Last week in my reading through the Psalms I came to a phrase that really struck me. In the second part of Psalm 38:18 David states “I am troubled by my sin” (NIV). The Revised English Bible intensifies the thought with “I am troubled because of my sin” (italicize added).
When I first read the verse I thought I can identify with David. I won’t cite specifics, but there have been many times in my life when I have been deeply troubled by a specific sin in my life. But as I continued to consider the big picture it occurred to me that there are also a lot of sins in my life that ought to trouble me but don’t. Sins I don’t think of as big sins, but nevertheless are sins. So my question to you is, “Are you troubled by your sins?”
The purpose of the indwelling gift of the Holy Spirit in Christians is sanctification. That big word refers to our becoming the kind of people God has saved us to be. To move forward in actually becoming holy we have to make progress in dealing with our sin; one of the ways the Holy Spirit helps us is to make us aware of our sins.
I believe it is the Holy Spirit who is behind our being troubled by our sin. I think it is a good thing if we are troubled by our sins and that we should be thankful. For a Christian not to be troubled by his or her sins would be a bad sign and perhaps indicative of indifference to sin.
Two pieces of New Testament instruction for Christians about the Holy Spirit came to my mind as I dwelt on Psalm 38:18b. The first was Ephesians 4:30, “And do not grieve the Holy Spirit of God, with whom you were sealed for the day of redemption.” What grieves the Holy Spirit? Since He is the Holy Spirit, and dwells in us, our sin (unholiness) grieves Him.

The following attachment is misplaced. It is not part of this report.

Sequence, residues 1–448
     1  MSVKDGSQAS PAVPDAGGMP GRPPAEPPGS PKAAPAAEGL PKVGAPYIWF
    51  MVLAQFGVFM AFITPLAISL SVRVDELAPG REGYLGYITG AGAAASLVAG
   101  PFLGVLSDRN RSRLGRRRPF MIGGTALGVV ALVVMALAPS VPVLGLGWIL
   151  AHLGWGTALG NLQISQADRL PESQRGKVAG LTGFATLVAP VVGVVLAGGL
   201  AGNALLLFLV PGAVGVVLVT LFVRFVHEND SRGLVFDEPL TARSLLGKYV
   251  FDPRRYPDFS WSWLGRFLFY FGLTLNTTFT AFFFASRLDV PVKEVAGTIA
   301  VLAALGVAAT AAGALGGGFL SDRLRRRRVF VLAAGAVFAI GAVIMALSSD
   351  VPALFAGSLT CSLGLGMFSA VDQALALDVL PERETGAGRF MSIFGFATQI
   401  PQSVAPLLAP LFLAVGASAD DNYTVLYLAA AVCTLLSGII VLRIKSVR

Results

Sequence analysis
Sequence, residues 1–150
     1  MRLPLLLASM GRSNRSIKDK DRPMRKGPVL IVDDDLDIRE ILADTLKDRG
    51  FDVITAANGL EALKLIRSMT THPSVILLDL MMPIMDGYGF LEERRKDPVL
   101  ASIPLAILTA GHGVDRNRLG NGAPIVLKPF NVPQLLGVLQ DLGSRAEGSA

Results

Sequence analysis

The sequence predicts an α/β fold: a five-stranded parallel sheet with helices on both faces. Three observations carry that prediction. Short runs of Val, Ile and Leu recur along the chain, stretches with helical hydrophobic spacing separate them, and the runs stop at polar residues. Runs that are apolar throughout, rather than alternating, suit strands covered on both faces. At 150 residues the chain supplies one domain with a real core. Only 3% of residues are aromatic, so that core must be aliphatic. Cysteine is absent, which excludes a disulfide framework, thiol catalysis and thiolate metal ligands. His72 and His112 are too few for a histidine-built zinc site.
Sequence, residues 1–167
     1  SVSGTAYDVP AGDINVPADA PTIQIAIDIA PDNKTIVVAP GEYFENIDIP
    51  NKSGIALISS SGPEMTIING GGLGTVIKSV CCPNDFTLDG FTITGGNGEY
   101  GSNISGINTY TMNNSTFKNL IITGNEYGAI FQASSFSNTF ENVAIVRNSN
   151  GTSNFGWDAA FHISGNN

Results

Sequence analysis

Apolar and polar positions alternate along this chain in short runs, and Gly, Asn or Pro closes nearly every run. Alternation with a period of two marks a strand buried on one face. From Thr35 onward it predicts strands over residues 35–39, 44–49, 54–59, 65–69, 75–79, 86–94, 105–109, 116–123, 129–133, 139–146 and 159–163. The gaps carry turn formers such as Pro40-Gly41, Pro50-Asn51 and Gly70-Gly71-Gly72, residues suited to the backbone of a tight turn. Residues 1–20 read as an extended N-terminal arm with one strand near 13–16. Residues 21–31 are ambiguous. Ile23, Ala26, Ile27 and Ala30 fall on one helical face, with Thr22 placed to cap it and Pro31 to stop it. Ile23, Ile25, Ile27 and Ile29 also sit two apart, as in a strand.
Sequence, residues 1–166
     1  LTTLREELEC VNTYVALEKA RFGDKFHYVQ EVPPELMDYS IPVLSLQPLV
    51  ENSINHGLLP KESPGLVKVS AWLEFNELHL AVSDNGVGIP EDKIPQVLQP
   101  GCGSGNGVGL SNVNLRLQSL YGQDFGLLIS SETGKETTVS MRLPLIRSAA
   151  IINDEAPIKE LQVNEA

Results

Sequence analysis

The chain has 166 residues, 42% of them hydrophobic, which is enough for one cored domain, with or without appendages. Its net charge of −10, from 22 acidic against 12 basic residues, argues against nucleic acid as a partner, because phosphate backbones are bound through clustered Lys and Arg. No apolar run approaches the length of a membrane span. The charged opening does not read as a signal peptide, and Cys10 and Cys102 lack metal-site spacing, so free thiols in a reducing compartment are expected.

The second passage was I Thessalonians 5:19, “Do not quench the Spirit.” To quench has nothing to do with the Holy Spirit’s thirst, but rather has to do with extinguishing a fire. I have always thought of this command in terms of not “throwing a wet blanket” on or spurning the Spirit. While the Holy Spirit wants to help us become more and more what God wants us to be, we can ignore and reject His help. And the more we suppress His urgings the easier it will be to do so.
So I ask you again, “Are you troubled by your sins?” Are your sins grieving the Holy Spirit who lives in you and could He be involved in your being troubled? I think the answer is yes. And a clear biblical response to being troubled by our sins is given in I John 1:9, “If we confess our sins, he is faithful and just and will forgive us our sins and purify us from all unrighteousness.” When we acknowledge our sins and ask for forgiveness we need to believe God’s promise and move forward. Those sins should no longer trouble us. But we should still expect the Holy Spirit to trouble us about future sins.
What you think of this idea of being troubled by our sin? Leave a reply below and share these thoughts on social media if you think others would benefit.
Photo from Photopin Creative Commons license.